As I write this there are protestors in the streets of major cities with signs saying “Not our president”. Perhaps not but it is your electoral system. I am not sure what the protesters wish to achieve or can achieve. It is clear that Trump has a mandate for 4 years with many pressing problems ahead. I know this is going to be tough. Hillary Clinton herself has appealed to Americans to give him a chance. As the US is a democracy and the people have spoken, they have a responsibility to accept this decision (ironically even though I guess Trump wouldn’t if the tables had been turned).
For me I will be watching with interest. He is unqualified and unsuitable for the job and that in recruitment is a recipe for disaster. But there is also something called a surprise fit and as this is a surprise election result perhaps a surprise will surprise us all. It can’t get any crazier, surely? Only time will tell.
STUART WHITE is the Managing Director of HRMC and they can be reached on 395 1640 or at www.hrmc.co.bw
The Central Bank has by way of its Monetary Policy Statement informed us that the Botswana economy is likely to contract by 8.9 percent over the course of the year 2020.
The IMF paints an even gloomier picture – a shrinkage of the order of 9.6 percent. That translates to just under $2 billion hived off from the overall economic yield given our average GDP of roughly $18 billion a year. In Pula terms, this is about P23 billion less goods and services produced in the country and you and I have a good guess as to what such a sum can do in terms of job creation and sustainability, boosting tax revenue, succouring both recurrent and development expenditure, and on the whole keeping our teeny-weeny economy in relatively good nick.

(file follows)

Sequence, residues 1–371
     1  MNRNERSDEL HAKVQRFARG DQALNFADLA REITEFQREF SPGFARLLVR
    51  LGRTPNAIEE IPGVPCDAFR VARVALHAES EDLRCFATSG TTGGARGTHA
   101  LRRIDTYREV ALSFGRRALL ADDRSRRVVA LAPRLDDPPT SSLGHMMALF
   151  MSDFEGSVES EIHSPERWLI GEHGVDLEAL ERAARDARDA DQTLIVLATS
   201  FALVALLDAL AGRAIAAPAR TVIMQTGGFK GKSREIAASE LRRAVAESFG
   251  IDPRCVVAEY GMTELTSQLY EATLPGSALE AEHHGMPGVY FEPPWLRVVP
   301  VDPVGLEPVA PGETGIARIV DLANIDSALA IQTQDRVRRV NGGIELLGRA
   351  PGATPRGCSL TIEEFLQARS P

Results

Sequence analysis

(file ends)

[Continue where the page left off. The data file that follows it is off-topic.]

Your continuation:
Joseph’s and Judah’s family lines conjoin to produce lineal seed
Just to recap, General Atiku, the Israelites were not headed for uncharted territory. The Promised Land teemed with Canaanites, Hittites, Amorites, Perizzites, Hivites, and Jebusites. These nations were not simply going to cut and run when they saw columns of battle-ready Israelites approach: they were going to fight to the death.
Parliament has begun debates on three related Private Members Bills on the conditions of service of members of the Security Sector.
The Bills are Prisons (Amendment) Bill, 2019, Police (Amendment) Bill, 2019 and Botswana Defence Force (Amendment) Bill, 2019. The Bills seek to amend the three statutes so that officers are placed on full salaries when on interdictions or suspensions whilst facing disciplinary boards or courts of law.
In terms of the Public Service Act, 2008 which took effect in 2010, civil servants who are indicted are paid full salary and not a portion of their emolument. Section 35(3) of the Act specifically provides that “An employee’s salary shall not be withheld during the period of his or her suspension”.
However, when parliament reformed the public service law to allow civil servants to unionize, among other things, and extended the said protection of their salaries, the process was not completed. When the House conferred the benefit on civil servants, members of the disciplined forces were left out by not accordingly amending the laws regulating their employment.
The Bills stated above seeks to ask Parliament to also include members of the forces on the said benefit. It is unfair not to include soldiers or military officers, police officers and prison waders in the benefit. Paying an officer who is facing either external or internal charges full pay is in line with the notion of ei incumbit probation qui dicit, non qui negat or the presumption of innocence; that the burden of proof is on the one who declares, not on one who denies.
The officers facing charges, either internal disciplinary or criminal charges before the courts, must be presumed innocent until proven otherwise. Paying them a portion of their salary is penalty and therefore arbitrary. Punishment by way of loss of income or anything should come as a result of a finding on the guilt by a competent court of law, tribunal or disciplinary board.